How They Shot the Opening Car Chase Scene in 'John Wick 2'

No matter how small I am in the business I always try to watch how the big ones do it. Probably I won't be able to do most of the work those big budget movies do, but I still want to know the principles. Who knows what may come up my way that may need key knowledge I get from videos like these. In that segment the stunt coordinator Darrin Prescott describes how they shot the opening scene from "John Wick 2."

Car chasing scenes are quite hard to be accomplished especially when the director wants to make them as much in camera as possible. Although most of the work is made on set the final word is the editors'. They cut the scenes in a way so it makes us feel immersed in the action. In this video, Prescott gives us an insight how they organized the stunts. It's interesting to know Keanu Reeves did some of the stunts himself for he was one of the best drivers in the business. But most of the time there's a close-up of him in the car there was a stunt driver sitting on the top actually driving the vehicle. For us, the small budget filmmakers, the cheapest way to accomplish "big budget looking shots" is using a green screen. It's good to know they pulled one of the stunts this way. Prescott describes in detail how they shot the background plate and how they positioned the cameras for the green screen set. He shares some tips on small details stunt drivers and doubles know we never noticed.

[via Filmmaker IQ]

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Lee Morris's picture

This is incredible. When you see how much effort goes into each shot it really makes it clear why these types movies can cost so much (even though I think this is still relatively low budget). I still don't understand how movies without any VFX or action scenes like this require a hundred million dollars to produce.

Tihomir Lazarov's picture

Recently I read an article on "" where there was a contract for 1 day shooting lifestyle stills for a retailer. They've got 8 models and all of that cost $40,000 for 12 images. The commission for the photographer was about $6,000. Everything else was into model fees, styling, stylists, location, producer commission, etc.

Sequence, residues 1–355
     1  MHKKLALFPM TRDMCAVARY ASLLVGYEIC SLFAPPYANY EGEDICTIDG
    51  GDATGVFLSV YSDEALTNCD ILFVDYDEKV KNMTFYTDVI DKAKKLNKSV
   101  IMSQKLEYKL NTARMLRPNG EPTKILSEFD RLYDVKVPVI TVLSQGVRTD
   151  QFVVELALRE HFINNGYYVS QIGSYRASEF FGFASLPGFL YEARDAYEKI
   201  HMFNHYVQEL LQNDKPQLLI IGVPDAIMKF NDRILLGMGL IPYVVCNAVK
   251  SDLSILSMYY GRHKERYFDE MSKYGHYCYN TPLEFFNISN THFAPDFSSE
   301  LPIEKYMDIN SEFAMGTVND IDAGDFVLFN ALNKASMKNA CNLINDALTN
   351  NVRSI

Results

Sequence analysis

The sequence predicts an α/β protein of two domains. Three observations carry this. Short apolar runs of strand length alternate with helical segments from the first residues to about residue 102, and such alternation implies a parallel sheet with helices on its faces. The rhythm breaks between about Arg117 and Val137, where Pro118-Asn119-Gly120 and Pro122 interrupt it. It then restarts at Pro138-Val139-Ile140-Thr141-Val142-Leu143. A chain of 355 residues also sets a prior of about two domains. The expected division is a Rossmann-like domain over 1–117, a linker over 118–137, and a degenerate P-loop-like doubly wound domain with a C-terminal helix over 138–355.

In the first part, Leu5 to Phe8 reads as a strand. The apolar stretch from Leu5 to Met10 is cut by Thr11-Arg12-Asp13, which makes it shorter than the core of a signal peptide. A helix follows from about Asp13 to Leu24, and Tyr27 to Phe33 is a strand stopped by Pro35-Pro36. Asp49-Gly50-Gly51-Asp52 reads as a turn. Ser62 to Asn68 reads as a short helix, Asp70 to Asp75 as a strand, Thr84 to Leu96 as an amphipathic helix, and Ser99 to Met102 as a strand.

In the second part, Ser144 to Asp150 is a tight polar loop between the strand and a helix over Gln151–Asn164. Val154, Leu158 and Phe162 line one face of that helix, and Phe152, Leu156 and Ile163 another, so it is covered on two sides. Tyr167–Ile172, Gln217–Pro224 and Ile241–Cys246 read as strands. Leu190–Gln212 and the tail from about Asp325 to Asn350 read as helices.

In movies it's usually the actors who get the most of the pie. It's not unusual famous actors to get $5-70M (yes, million) for their role in a movie. The director also may get a double figure M's. Whatever is left is left for the others, incuding the DP who usually takes less than $50K.

That makes me think to write an article about this. I just have to find the exact article where I read that.

EDIT: Oh, here it is:

Felix Hernandez's picture

Love it!!!!.. On camera effects... plus some digital... best of two worlds!

Tihomir Lazarov's picture

And digital ones are so invisible. That's what makes it look so good.

Ralph Hightower's picture

They had to destroy a classic Mustang for this movie? That's sacrilege!

Dave Oliver's picture

Would be a "movie" car, so a junk car made to look nice with a LS1 V8 in it.

Paulo Macedo's picture

At first I saw the article, then I saw the scene, then I've rented the movie and 2h later I was feeling like kicking everybody's teeth in! Freaking awesomeness of a movie! Think fast, kick the living crap out of other dudes knees, break an arm or two, bullet to the head!! Mannnn I got thrilled!!! LOL